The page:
What is another word for ready to drop?

Pronunciation: [ɹˈɛdi tə dɹˈɒp] (IPA)

"Ready to drop" is an idiom used to describe extreme exhaustion or fatigue. It is a colloquial term that can be replaced by several other synonyms to express the same idea. Some of the synonyms for "ready to drop" include "exhausted," "spent," "weary," "tired," "wiped out," "fatigued," "drained," "pooped," "burnt out," "knackered," and "completely spent." These words could be used interchangeably in different contexts, and they all communicate a sense of overwhelming fatigue. Whether used in casual conversation or formal writing, these synonyms effectively convey the idea of being physically and mentally worn out.

What are the hypernyms for Ready to drop?

A hypernym is a word with a broad meaning that encompasses more specific words called hyponyms.

What are the opposite words for ready to drop?

The phrase "ready to drop" often implies exhaustion or extreme fatigue. Its antonyms include "energetic," "peppy," "vibrant," and "rejuvenated." These words evoke feelings of enthusiasm, vigor, and vitality. They signify a state of being charged up to take on the day or task with renewed zeal. Another antonym of "ready to drop" can be "rested," which suggests a state of feeling fresh and revitalized after a good night's sleep or a relaxing break. A few more antonyms can be "lively," "sprightly," and "sparkling," which point towards an active, upbeat, and robust demeanor.

What are the antonyms for Ready to drop?

Famous quotes with Ready to drop

  • I never thought we'd catch him, and when I saw he was ready to drop I felt sorry for him. I wanted to show it's not true I'm trying to win it all. My goal is the Tour of Spain.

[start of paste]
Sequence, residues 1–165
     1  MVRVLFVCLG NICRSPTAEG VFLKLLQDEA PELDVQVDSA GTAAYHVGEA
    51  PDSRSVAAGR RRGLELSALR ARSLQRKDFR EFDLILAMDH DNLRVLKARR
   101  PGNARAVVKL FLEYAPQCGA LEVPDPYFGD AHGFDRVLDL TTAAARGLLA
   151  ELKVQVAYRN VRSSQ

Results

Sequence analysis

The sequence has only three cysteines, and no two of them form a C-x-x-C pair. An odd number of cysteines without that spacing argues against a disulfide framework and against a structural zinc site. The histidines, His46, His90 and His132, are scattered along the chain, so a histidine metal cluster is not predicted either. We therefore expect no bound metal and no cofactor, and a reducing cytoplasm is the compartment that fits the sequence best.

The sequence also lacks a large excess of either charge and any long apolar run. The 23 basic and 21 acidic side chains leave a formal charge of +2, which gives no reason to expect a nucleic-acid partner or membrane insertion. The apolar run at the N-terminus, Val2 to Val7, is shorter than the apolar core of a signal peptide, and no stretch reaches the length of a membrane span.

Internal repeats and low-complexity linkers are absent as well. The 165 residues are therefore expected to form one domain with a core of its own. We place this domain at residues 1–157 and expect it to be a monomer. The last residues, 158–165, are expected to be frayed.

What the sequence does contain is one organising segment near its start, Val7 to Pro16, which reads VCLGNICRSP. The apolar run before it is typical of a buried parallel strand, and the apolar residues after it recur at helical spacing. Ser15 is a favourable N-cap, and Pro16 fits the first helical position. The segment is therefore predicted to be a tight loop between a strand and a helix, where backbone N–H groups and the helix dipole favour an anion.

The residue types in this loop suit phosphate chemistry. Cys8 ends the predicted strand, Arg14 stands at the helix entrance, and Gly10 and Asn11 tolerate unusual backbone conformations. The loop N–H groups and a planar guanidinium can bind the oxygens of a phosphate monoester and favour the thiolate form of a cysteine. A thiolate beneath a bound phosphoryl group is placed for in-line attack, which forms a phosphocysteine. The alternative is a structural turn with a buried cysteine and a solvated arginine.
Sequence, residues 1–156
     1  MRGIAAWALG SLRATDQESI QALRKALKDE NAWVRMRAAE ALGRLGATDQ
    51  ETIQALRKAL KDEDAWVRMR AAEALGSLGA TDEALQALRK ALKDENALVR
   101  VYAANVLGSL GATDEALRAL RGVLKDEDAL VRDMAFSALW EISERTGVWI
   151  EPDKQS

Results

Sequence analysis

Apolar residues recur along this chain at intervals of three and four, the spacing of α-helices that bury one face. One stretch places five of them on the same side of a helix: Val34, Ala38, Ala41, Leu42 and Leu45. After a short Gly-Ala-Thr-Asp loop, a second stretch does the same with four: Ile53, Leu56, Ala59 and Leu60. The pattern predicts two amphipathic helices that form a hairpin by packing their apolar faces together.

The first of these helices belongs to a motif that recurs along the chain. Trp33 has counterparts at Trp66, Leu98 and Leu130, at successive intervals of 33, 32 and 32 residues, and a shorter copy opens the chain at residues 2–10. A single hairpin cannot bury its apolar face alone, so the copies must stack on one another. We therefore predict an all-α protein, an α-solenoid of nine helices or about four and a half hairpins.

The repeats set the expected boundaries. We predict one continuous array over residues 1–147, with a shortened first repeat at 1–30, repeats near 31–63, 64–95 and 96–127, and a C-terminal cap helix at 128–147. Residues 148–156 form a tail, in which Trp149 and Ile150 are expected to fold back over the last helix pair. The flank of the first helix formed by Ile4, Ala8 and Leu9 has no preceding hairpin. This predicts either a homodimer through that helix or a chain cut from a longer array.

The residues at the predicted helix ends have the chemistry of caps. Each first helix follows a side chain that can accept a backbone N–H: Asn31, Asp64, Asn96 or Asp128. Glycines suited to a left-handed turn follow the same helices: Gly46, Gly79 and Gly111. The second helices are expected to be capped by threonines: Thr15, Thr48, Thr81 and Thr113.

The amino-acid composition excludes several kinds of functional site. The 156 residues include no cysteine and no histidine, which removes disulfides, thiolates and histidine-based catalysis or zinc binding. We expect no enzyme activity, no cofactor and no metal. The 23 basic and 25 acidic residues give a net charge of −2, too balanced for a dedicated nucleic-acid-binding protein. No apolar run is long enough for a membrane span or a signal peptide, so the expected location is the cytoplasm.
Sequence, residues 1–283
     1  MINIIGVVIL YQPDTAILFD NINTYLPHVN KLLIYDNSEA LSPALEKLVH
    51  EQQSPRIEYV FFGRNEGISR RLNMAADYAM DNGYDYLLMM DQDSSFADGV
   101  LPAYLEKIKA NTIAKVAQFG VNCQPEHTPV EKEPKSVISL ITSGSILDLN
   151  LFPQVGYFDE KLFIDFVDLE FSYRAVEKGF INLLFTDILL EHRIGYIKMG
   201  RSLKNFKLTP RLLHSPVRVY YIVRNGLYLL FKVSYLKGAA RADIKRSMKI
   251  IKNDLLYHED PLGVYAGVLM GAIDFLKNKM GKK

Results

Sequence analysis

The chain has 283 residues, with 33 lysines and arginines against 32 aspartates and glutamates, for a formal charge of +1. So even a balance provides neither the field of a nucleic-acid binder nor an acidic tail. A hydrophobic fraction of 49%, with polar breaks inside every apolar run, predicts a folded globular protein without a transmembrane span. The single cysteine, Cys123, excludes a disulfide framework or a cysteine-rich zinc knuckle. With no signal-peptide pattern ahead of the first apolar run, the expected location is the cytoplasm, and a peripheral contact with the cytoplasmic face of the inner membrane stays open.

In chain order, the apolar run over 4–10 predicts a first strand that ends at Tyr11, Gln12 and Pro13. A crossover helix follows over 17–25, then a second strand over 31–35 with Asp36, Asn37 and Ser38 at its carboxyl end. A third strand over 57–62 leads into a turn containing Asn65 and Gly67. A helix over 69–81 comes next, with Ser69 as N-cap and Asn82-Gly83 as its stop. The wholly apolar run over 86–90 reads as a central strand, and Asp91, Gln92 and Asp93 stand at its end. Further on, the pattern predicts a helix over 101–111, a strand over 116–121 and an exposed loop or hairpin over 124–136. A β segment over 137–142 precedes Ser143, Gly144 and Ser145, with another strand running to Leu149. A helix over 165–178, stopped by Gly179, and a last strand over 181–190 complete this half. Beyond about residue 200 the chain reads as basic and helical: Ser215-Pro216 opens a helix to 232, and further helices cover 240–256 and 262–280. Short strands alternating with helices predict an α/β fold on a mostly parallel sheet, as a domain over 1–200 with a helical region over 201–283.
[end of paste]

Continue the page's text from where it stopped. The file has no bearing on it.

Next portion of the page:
Laurent Jalabert
  • You know, as I do, actors who, having become worldwide celebrities thanks to a TV series, complain of their lot and declare themselves ready to drop it all.
    James MacArthur
  • I always figure I have this tree and there's always some green fruit that's not ready to pick or blossoms that are ready to flower; there are always some ready to drop off too.
    Graeme Murphy
  • The country is governed for the richest, for the corporations, the bankers, the land speculators, and for the exploiters of labour. Surely we must free men and women together before we can free women. The majority of mankind are working people. So long as their fair demands -- the ownership and control of their lives and livelihood -- are set at naught, we can have neither men's rights nor women's rights. The majority of mankind are ground down by industrial oppression in order that the small remnant may live in ease. How can women hope to help themselves while we and our brothers are helpless against the powerful organizations which modern parties represent and which contrive to rule the people? They rule the people because they own the means of physical life, land, and tools, and the nourishers of intellectual life, the press, the church, and the school. You say that the conduct of the woman suffragists is being disgracefully misrepresented by the British press. Here in America the leading newspapers misrepresent in every possible way the struggles of toiling men and women who seek relief. News that reflects ill upon the employers is skillfully concealed -- news of dreadful conditions under which labourers are forced to produce, news of thousands of men maimed in mills and mines and left without compensation, news of famines and strikes, news of thousands of women driven to a life of shame, news of little children compelled to labour before their hands are ready to drop their toys. Only here and there in a small and as yet uninfluential paper is the truth told about the workman and the fearful burdens under which he staggers.
    Helen Keller

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